LOS ANGELES (Reuters) – Sony Pictures Entertainment plans to roll out the red carpet for the Thursday premiere of “The Interview”, but the stars of the controversial comedy about North Korea will not face the customary glare of TV news cameras.
The studio said Wednesday only still photographers and a Sony video team will document arrivals at the event, stopping reporters from asking Seth Rogen and James Franco about a massive cyber attack at Sony that some speculate is linked to the film.
People close to the investigation have told Reuters that North Korea is a principal suspect, but a North Korean diplomat has denied that his nation is involved. Pyongyang condemned the film in June.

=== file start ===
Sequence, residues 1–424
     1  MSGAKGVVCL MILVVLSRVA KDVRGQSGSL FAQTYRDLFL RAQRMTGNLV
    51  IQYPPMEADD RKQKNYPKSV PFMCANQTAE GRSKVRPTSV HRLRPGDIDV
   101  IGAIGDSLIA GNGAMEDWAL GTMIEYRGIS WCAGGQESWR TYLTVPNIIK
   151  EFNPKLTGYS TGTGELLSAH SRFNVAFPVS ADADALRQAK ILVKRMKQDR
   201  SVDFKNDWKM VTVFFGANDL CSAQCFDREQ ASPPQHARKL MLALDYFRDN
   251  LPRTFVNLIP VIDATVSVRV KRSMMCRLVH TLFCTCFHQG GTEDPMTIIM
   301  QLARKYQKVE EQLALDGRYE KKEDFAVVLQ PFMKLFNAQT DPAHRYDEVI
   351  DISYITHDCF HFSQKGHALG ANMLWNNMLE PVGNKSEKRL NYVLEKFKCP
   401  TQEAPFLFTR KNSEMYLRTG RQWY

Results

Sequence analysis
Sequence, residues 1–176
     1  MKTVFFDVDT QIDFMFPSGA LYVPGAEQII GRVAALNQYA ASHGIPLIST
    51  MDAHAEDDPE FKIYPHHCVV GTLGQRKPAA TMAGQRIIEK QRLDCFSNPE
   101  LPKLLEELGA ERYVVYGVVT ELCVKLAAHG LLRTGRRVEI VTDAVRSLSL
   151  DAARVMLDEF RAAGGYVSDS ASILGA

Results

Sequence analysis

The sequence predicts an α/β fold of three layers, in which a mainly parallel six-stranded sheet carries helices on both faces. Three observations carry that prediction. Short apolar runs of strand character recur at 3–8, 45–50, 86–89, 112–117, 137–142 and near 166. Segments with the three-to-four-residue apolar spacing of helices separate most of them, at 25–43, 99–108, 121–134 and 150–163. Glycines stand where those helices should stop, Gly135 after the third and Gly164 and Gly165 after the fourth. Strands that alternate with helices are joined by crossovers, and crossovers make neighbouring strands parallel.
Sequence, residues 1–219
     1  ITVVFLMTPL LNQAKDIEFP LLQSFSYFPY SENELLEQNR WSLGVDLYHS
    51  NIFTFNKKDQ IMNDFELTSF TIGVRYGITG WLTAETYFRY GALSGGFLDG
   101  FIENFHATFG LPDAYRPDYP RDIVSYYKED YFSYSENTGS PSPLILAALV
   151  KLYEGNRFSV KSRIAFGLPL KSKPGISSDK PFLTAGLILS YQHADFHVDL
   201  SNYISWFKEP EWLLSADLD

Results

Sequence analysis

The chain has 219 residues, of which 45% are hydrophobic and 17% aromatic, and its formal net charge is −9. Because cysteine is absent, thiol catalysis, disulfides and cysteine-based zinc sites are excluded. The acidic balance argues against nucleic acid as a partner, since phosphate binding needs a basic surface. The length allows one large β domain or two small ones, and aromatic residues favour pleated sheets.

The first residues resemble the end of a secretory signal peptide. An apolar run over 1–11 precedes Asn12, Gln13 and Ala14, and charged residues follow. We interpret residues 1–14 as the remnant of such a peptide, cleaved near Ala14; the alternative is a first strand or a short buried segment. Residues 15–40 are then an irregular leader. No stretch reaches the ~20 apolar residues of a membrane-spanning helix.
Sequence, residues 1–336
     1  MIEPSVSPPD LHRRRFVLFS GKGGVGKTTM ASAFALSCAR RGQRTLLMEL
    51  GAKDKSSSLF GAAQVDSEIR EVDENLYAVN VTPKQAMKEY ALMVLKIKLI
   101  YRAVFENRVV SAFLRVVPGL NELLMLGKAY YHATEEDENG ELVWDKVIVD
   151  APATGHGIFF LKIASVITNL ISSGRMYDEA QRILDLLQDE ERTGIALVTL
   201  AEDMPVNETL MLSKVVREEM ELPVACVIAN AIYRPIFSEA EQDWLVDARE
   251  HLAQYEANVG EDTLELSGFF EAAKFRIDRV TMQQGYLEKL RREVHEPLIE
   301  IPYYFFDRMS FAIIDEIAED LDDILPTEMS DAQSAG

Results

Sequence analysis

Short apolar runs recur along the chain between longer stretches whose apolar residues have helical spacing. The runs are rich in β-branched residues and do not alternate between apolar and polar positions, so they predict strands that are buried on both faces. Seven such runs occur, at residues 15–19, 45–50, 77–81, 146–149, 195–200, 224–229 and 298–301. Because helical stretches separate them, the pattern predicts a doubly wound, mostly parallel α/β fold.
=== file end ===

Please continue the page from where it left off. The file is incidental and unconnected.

In the movie that opens Dec 25, Franco and Rogen play journalists who land an interview with North Korean leader Kim Jong Un, then are recruited by the CIA to assassinate him.
A spokeswoman for Sony, a unit of Japan’s Sony Corp, could not immediately be reached for comment on why press access to the premiere was limited.
The studio also cancelled a Los Angeles press day that had been planned for this week and said a press day in New York next week may not take place.
The cyber attack launched on Nov 24 shut down Sony’s computer network and exposed company secrets. Among them were e-mails that revealed Sony Corp Chief Executive Kazuo Hirai ordered “The Interview” be toned down after North Korea complained.